Inexpensive Modest wedding dresses are hard to find in Southern California. So what usually happens is that the bride finds a dress she likes at a good price and then starts looking for a Bolero Shrug. Something like this at White House/Black Market: (Except for an LDS Temple Wedding it would be made of Silk, Satin or Taffeta, to try and cover.)
I have seen it at many weddings, The problems become first that you have to size it just so, so that it doesn't hide the gown. At that point you're hoping that the bride isn't going to move because then she'll be flashing her undergarments. Then there is the fact that a Strapless dress usually sinks down low in the back, so you will have to make the cut of the back of the bolero sink down low as well. Not a charming look, It looks like the bolero is mimicking the shape of the train on the dress, or was attempting to have a tuxedo tail.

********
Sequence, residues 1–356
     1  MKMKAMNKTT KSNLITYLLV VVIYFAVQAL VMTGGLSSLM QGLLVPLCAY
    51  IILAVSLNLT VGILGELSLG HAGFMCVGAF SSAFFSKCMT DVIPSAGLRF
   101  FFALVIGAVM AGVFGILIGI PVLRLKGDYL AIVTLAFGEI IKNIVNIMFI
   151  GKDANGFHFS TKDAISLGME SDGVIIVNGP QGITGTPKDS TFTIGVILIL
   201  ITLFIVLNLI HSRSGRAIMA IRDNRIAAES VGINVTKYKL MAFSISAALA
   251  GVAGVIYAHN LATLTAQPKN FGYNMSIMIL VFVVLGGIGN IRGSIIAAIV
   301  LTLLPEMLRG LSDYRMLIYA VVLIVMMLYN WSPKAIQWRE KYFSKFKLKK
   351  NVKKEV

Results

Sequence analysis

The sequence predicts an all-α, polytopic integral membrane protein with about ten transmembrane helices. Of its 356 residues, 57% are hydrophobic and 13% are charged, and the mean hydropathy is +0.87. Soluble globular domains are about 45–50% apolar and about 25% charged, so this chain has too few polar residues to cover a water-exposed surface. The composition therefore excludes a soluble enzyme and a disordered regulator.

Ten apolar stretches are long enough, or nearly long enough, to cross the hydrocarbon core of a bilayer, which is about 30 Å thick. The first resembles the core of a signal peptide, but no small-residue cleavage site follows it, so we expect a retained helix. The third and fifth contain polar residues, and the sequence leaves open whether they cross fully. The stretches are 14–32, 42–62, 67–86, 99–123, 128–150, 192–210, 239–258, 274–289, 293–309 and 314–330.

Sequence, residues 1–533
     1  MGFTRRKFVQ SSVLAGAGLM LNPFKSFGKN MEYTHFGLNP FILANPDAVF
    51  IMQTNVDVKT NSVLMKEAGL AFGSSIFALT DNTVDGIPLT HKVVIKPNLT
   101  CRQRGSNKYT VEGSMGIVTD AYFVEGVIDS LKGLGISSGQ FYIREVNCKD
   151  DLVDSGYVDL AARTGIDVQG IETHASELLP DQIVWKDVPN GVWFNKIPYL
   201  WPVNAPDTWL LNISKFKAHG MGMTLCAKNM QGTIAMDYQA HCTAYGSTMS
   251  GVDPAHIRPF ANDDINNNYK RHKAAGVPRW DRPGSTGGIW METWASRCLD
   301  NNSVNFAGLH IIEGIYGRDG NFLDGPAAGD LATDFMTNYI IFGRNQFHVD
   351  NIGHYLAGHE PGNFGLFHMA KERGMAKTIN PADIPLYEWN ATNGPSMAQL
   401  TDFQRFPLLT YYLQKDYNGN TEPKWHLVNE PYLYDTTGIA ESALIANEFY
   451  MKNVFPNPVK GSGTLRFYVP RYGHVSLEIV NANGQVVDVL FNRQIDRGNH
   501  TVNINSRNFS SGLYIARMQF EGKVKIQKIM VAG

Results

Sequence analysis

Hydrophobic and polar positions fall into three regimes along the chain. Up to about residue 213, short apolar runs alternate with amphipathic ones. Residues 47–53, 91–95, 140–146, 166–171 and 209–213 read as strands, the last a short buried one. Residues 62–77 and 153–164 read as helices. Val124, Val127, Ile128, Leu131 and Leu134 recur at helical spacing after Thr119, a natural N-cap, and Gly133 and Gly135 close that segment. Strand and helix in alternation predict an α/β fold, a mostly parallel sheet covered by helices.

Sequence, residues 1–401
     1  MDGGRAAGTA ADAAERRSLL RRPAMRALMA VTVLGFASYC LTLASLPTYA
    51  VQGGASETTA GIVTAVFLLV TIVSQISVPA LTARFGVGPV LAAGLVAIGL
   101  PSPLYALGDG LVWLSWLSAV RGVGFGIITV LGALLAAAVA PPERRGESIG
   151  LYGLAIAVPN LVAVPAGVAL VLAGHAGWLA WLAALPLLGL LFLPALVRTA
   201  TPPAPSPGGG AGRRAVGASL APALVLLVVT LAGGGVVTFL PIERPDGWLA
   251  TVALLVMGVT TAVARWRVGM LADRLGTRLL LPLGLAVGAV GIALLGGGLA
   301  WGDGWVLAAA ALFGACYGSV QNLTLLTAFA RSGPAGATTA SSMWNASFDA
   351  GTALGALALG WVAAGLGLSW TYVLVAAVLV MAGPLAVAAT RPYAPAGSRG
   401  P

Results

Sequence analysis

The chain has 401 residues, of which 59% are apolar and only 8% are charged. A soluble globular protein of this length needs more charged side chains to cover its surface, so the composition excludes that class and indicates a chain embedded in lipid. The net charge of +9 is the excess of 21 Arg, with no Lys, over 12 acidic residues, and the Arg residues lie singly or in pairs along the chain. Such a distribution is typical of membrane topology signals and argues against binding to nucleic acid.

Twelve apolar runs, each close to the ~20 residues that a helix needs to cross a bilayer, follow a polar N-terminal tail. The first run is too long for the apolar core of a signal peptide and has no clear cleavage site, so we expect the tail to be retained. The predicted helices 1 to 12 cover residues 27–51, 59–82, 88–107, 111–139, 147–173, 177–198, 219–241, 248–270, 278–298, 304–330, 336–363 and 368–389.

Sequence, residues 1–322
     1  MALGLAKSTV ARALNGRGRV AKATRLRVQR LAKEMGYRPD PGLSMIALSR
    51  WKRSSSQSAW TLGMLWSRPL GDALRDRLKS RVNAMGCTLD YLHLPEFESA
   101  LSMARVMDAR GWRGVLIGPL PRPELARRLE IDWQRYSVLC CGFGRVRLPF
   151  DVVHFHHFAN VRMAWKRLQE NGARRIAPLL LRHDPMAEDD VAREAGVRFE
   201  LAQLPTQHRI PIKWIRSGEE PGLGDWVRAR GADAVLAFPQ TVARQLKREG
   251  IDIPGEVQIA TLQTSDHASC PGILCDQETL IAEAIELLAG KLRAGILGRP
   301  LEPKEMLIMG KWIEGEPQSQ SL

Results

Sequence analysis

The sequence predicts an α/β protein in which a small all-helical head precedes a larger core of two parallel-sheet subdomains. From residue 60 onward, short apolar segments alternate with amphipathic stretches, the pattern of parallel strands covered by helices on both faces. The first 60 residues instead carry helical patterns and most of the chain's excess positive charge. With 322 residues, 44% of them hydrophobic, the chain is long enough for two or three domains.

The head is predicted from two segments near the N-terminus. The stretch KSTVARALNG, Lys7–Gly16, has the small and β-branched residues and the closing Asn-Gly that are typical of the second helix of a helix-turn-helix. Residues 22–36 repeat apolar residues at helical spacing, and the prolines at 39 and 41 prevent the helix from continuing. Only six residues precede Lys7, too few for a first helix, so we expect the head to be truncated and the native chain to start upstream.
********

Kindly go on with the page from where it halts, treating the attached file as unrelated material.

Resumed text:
A while back I started experimenting with adding bodice tops to Strapless dresses, I've done a few now. This is what I've learned. You need to draft the pattern pieces with the dress on the bride. The bride feel weird at first but then get used to you cutting fabric along her skin and pining everything in place while she's still wearing it. I forgot to take pictures or the process so here it is on the dress form. You also need to incorporate a key element of the dress into the top portion that you are adding, so that it doesn't look awkward. In this one I added rouching to the sleeves. Also make sure to attach the top to the dress, or you'll have the same problems as the bolero. Just topstitch the dress to the top you created. The Stitching line is only noticeable when you are looking for it, it doesn't show up in pictures and most people don't even realize it's there. It's worth the piece of mind to the bride.